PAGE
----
How much customisation?


#1

I’m curious what my fellow CoGgers think about how much the player should be able to customise?

It’s a given in the official CoGs to be able to choose the gender of the MC. But games like Sabres of Infinty and Vendetta have set male MCs whilst others like Heal, A clueless teens guide to the supernatural (originally) and Guenevere have set female MCs. This doesn’t bother me personally as long as the story interests me

From your own POV as both a player/game designer what do you think you should be able to change?

Gender/Name/Age/Sexuality/Background etc? Also should these be superficial or actually affect the game?


#2

It depends on the game itself like a story about a werecow you dont need much customisation
But in a romance game it might be usefull to have a lot of customisation


#3

I concur with @PORT3R, but I think that you should always be able to choose gender, and name at least.


#4

I think there is no limit to how much customization there is as long as it has to do with the character and not something random like someone else’s thoughts on something or the name of a dead character. Just make sure you keep MC’s name and gender (with exceptions) customizable.


#5

Male/Female should be optional, only insofar as that is appropriate for the nature of the game, otherwise genderlock it, - I greatly dislike CoG’s policy on this. Ideally, if it is a choice, it should change more than just the pronouns (Which is one of the things I dislike about CoG’s policy, here).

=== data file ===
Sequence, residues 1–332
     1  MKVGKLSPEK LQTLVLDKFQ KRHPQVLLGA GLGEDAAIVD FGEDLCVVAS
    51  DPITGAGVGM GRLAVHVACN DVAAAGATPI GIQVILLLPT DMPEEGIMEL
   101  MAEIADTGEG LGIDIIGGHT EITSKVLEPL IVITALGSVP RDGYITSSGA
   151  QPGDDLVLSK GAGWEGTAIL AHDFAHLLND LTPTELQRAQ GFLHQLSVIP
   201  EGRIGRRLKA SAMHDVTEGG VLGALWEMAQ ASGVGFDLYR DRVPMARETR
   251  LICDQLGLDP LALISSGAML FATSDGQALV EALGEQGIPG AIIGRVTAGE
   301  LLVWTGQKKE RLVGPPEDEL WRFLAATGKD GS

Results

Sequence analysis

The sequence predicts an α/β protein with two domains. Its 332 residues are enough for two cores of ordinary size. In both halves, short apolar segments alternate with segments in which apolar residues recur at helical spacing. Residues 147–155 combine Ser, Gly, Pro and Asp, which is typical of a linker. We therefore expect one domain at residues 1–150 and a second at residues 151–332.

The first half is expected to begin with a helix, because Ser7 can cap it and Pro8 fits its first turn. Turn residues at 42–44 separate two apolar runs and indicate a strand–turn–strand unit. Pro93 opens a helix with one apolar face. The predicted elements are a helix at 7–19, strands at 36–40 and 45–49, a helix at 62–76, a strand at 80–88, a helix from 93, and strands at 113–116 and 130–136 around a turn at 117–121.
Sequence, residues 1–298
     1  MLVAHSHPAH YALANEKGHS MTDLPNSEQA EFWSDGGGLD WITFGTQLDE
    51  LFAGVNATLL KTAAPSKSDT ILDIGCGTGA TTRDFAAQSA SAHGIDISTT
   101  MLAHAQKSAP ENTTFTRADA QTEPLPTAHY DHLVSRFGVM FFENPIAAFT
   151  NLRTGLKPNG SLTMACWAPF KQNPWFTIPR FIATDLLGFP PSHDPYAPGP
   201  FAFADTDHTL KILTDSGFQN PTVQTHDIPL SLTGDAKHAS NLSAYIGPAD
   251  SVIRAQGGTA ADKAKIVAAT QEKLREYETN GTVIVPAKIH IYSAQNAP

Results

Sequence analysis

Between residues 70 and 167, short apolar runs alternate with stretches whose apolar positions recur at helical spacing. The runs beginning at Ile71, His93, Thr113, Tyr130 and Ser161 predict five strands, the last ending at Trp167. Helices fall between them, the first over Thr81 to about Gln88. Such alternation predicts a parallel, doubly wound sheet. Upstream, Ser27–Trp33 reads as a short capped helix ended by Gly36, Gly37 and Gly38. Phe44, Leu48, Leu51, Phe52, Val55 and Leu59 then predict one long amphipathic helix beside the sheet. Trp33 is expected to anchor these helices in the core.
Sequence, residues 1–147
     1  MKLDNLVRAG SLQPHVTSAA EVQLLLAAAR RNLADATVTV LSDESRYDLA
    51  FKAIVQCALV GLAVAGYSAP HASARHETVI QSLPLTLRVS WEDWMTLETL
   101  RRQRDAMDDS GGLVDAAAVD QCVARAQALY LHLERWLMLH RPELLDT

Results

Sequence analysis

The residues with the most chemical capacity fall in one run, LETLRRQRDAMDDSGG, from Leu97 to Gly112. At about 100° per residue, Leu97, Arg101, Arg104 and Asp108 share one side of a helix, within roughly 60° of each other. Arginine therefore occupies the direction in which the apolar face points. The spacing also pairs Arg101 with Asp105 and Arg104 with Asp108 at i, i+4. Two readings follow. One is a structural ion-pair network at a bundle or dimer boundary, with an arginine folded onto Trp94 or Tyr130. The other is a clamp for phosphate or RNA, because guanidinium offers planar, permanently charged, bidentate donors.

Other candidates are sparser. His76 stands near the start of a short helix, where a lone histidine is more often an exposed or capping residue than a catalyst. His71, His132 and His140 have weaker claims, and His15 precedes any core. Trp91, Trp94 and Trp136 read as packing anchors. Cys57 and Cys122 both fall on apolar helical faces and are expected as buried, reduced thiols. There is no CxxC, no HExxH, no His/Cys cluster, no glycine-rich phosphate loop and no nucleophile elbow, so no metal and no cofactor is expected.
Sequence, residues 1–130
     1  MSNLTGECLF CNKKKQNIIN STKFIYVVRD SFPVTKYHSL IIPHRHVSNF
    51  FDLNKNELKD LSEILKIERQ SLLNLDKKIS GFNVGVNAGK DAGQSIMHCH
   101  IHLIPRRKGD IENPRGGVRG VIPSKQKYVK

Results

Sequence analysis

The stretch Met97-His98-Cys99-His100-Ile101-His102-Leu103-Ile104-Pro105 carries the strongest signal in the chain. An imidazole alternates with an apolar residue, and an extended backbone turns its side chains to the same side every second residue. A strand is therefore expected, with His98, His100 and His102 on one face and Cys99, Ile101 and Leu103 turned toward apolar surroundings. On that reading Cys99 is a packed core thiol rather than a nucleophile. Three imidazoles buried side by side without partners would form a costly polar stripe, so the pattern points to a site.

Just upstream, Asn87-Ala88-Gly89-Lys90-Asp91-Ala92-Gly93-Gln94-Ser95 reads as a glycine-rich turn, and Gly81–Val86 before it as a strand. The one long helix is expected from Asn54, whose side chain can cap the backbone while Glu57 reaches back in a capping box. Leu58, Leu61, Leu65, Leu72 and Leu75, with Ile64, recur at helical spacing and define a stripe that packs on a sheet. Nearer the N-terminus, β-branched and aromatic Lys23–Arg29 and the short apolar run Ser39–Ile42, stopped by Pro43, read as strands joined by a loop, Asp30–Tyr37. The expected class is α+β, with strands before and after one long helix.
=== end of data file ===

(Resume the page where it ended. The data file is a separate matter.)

Name I think is essential to choose, since it brings people into the story, - and satisfies the need for choice games to be interactive.

Age is only needed if it is a specific factor which can be introduced.

Sexuality is pretty essential, since most games have a romance option. Whether customising one’s own sexuality automatically customises the gender of other characters is another issue, - for the record I hold it shouldn’t.

Background is too broad for one to comment on, without context.

Hair and eye colour, etc., I could not give less of a shit about.

Ethnicity needs to be context-relevant and consequential to avoid becoming akin to hair and eye colour.

Religion choices are underused, but would also need to be consequential; Even if the consequences are limited, it would add a fair bit of flavour.

Political choices, however, really do require a specifically political element.

…Yeah, ‘consequentiality’ is rather key to all choices, with the possible exception of name and gender, which are useful for the flow of the story: It saves people saying “Them” when they could say “He” or “General Balthazar Fluffkine.”


#6

When it comes to customization in my game, I have name, gender, race, feat and magic planned. Only feat and magic affect gameplay in a meaningful way; the other three are purely aesthetical and so far unimplemented.


#7

It depends. Ideally I prefer a choice of gender and sexuality, the rest I don’t particularly care about. I’d also rather the game doesn’t assume white as ethnicity unless there’s an extremely good reason to.

I even like preset names, be that choose from a list, get a surname, or have the whole thing chosen for me. It saves me having to find a name that blends in with all the other names.

I like having a set background, it gives me more of a sense of character and involves me deeper in a story.

In both Slammed, and Heroes Rise you have a preset background. The whole game builds upon this. I really liked that aspect, it gave me more a sense of being involved in things.

That said, the first game I did make didn’t allow any customisation of the protagonist, you just got to choose the actions. I prefer protagonists with something of a personality of their own, rather than bland boring blank slates.


#8

@FairyGodfeather “I’d also rather the game doesn’t assume white as ethnicity unless there’s an extremely good reason to.”

Which games are you thinking of?


#9

What about games like Apex Patrol that don’t even mention gender, and leave it neutral?


#10